What are wrapped tokens in crypto? This is a special type of token which is broadly a clone of an underlying asset designed to function on an adopted blockchain.
Bitcoin and Ethereum are two of the largest cryptocurrencies globally. Yet despite their immense popularity and accessibility, they are technically incompatible with each other; we cannot use BTC on the Ethereum network and vice versa.
So, the solution is wrapped tokens, which circumvent this limitation and permit non-native coins to work on non-native blockchains. For instance, the natural BTC coin is incompatible on any of Ethereum’s platforms. However, Wrapped Bitcoin (WBTC) works.
According to CryptoSlate, these coins presently dominate about 0.65% of the entire crypto market, which is valued in the region at $10.14 billion.
Wrapped tokens are evidently an emerging space and might be a little tricky to grasp, as with most things in digital currencies. This article will properly define what this token is, how they work, examples of them, and their benefits and drawbacks.
So, what are wrapped tokens?
A wrapped token is a cryptocurrency tracking the price of an underlying asset; the original coin is ‘wrapped,’ allowing it to work efficiently on an unrelated blockchain. Analysts refer to a ‘wrapper,’ essentially a digital vault of sorts maintained by a custodian to prove the existence of the un-wrapped asset.
The value of the new coin is 100% correlated with its original token. Users can redeem the initial coins in their former state at any time. Such tokens help increase blockchain interoperability, which is just a way of ensuring these ledgers can communicate.
At present, this is one of the prominent drawbacks of cryptocurrencies, as each distributed ledger is distinctly unique from another. Any applications resulting from their creation will also be limited to the ledgers they originate from.
An entity referred to as a custodian, either a merchant, multi-signature wallet, a DAO (decentralized autonomous organization), or smart contact, holds a reserve of the actual token being wrapped.
This custodian is chiefly a proof of reserve and sends an order to the blockchain, which mints the new version. When the holder needs to redeem the wrapped token back to its previous state, the custodian puts a ‘burn’ request to convert the two.
Examples of popular wrapped tokens
The majority of these tokens, unsurprisingly, are Ethereum-based. The coin in this realm with the most trading volume is Wrapped Bitcoin, an ERC20 or Ethereum-created asset with a market cap of roughly $7 billion at the time of writing.
It is also presently the 22nd most traded cryptocurrency because of the inherent dominance of its parent coin. Wrapped Bitcoin is a tokenized form of Bitcoin running on Ethereum’s suite of applications like exchanges, prediction markets, lending services, and so on.
BitGo, Kyber Network, and Ren – collectively known as the WBTC DAO – developed WBTC. As briefly mentioned, the value of WBTC directly correlates with the price of BTC. This organization is the custodian holding the reserves of Bitcoin sent by users who need the wrapped version.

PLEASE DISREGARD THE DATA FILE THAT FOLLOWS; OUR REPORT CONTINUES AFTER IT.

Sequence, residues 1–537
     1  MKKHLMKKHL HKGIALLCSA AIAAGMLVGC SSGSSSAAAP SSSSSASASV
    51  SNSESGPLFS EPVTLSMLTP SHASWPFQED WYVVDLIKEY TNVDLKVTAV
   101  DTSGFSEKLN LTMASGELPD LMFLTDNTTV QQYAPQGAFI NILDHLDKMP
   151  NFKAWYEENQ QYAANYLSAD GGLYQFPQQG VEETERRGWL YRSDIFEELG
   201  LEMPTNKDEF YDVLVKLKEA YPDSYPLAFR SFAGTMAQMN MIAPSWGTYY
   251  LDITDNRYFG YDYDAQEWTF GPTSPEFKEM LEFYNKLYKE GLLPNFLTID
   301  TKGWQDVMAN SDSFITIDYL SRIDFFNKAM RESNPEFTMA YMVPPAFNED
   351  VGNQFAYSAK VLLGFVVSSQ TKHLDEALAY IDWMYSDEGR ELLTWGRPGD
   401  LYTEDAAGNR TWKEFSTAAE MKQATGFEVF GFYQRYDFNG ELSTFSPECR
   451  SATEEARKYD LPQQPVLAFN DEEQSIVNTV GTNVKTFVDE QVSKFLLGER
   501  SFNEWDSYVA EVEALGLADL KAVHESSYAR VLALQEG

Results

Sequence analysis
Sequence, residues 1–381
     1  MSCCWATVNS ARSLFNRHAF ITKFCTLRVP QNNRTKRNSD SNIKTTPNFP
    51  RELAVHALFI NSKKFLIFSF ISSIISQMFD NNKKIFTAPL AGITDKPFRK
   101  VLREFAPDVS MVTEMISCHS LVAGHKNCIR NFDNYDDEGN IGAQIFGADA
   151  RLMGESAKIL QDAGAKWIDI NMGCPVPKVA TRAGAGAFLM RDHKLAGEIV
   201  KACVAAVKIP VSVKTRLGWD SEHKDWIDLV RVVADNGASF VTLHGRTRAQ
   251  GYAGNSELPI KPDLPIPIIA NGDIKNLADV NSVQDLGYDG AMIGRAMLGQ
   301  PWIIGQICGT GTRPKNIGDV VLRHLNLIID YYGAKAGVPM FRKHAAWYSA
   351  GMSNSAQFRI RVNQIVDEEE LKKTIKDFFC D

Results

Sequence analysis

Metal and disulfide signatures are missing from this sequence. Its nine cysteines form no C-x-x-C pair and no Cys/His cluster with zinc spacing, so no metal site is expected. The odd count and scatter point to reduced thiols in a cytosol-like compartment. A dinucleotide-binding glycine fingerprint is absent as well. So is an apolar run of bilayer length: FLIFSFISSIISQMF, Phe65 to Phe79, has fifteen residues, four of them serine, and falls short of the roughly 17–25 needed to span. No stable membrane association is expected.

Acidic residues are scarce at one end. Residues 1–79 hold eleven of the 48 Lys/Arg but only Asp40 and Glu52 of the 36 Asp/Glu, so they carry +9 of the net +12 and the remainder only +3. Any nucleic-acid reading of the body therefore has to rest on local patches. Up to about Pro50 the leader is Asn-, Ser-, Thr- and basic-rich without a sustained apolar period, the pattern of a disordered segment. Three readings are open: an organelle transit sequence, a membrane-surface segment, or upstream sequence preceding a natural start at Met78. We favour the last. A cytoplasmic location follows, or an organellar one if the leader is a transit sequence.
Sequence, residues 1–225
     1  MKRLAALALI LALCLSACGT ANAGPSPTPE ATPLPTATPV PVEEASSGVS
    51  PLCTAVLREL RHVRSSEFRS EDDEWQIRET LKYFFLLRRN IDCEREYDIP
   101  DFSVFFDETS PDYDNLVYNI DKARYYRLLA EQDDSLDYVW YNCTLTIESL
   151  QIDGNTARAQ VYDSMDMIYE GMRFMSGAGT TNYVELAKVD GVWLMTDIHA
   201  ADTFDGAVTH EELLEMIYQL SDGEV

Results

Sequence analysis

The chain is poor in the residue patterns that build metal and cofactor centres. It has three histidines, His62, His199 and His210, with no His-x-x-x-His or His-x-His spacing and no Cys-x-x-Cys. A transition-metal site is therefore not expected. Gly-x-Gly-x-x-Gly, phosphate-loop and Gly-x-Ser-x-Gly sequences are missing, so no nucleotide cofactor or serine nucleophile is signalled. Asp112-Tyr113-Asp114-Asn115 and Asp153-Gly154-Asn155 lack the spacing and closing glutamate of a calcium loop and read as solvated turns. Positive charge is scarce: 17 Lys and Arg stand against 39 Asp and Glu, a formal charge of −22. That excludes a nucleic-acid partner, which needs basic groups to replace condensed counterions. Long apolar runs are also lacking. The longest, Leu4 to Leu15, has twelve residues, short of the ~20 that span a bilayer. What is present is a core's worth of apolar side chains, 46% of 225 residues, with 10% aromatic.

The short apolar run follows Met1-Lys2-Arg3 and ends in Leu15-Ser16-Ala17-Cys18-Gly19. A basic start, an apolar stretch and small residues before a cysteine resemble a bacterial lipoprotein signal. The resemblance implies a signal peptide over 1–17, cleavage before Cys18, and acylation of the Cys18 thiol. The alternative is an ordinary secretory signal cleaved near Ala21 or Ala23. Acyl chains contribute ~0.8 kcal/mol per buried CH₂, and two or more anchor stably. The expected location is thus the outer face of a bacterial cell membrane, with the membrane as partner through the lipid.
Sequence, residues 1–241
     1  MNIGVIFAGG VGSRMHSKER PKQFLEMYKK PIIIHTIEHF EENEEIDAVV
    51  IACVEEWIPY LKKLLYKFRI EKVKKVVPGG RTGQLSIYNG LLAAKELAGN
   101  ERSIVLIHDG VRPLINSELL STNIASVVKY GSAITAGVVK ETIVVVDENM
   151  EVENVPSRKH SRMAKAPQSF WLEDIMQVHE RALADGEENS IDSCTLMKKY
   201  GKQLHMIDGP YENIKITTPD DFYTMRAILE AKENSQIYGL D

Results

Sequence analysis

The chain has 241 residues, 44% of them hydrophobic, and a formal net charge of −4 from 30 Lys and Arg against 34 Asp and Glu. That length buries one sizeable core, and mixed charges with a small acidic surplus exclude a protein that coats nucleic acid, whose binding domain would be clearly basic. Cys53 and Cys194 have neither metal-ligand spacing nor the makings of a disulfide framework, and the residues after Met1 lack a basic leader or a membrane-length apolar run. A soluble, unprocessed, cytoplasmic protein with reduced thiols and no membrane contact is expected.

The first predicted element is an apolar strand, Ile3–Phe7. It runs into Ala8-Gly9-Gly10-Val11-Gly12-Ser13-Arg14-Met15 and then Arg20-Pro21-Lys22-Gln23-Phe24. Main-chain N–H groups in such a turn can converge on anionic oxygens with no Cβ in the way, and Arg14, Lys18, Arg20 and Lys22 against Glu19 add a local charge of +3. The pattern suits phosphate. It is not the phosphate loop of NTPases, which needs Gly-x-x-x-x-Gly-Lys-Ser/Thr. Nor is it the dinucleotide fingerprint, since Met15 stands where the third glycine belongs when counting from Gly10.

A similar token is renBTC is a wrapped version of Bitcoin on Ren, which is a cross-chain, liquidity-providing, swapping protocol for Ethereum, Bitcoin, Bitcoin Cash, Zcash, and other tokens. Like WBTC, renBTC also tracks the value of Bitcoin on a 1:1 ratio.
Benefits and limitations of wrapped tokens
Like any inventions still in their infancy stages, wrapped tokens are far from perfect. Let’s look at some advantages and disadvantages.
- Integration: One of the primary purposes of these tokens is incorporation, fostering cross-chain compatibility where holders of different coins interact with other independent ledgers.
Another benefit is these tokens allow traders to keep the original coin while also using it on other applications.
Let’s consider the advantages of WBTC.
Ordinarily, someone who planned to use a portion of their Bitcoin on Ethereum may have needed to either sell a bit of BTC or allocate their funds to purchase other ERC20 tokens.
As many Bitcoin holders are ‘HODLers,’ they would not like to sell any bit of their investment. Therefore, WBTC allows for retaining the original Bitcoin to potentially profit from price increases and using it on other applications.
- Capital efficiency: Another crucial factor for such tokens is capital efficiency. A coin with the market cap of Bitcoin brings along massive liquidity, which it injects into any platform. This attribute allows for a larger trading volume and introduces a new market.
- Better transaction speed: An inherently slow-confirming coin like Bitcoin is made quicker for confirming transactions on another platform with innately faster speeds.
Again, for instance, Ethereum’s block time is roughly 15 seconds, a stark contrast to Bitcoin’s longer 10 minutes. Therefore, as a WBTC user, one can transact with this token in numerous ways and enjoy swift clearance times, unlike if they were trading the standard Bitcoin somewhere else.
While this section has frequently referenced WBTC, these benefits also apply to any other wrapped token.
- Possible centralization: The landscape of custodians maintaining the original coins is murky presently. Users need to trust a centralized third party for reserves of their assets, which some may consider a counterparty risk for abuse of power and manipulation.
- Higher fees: Converting the original coin into a wrapped form and then back again results in costs for each transaction.
Despite wrapped tokens being currently a little rough around the edges, the concept has good intentions; developing bridges between distinctly distributed ledgers.
Blockchain incompatibility has been a looming problem in cryptocurrencies, resulting in higher transaction costs, cumbersome processes, and an overall tricky customer experience. By having assets like wrapped tokens, cross-functionality becomes a possibility.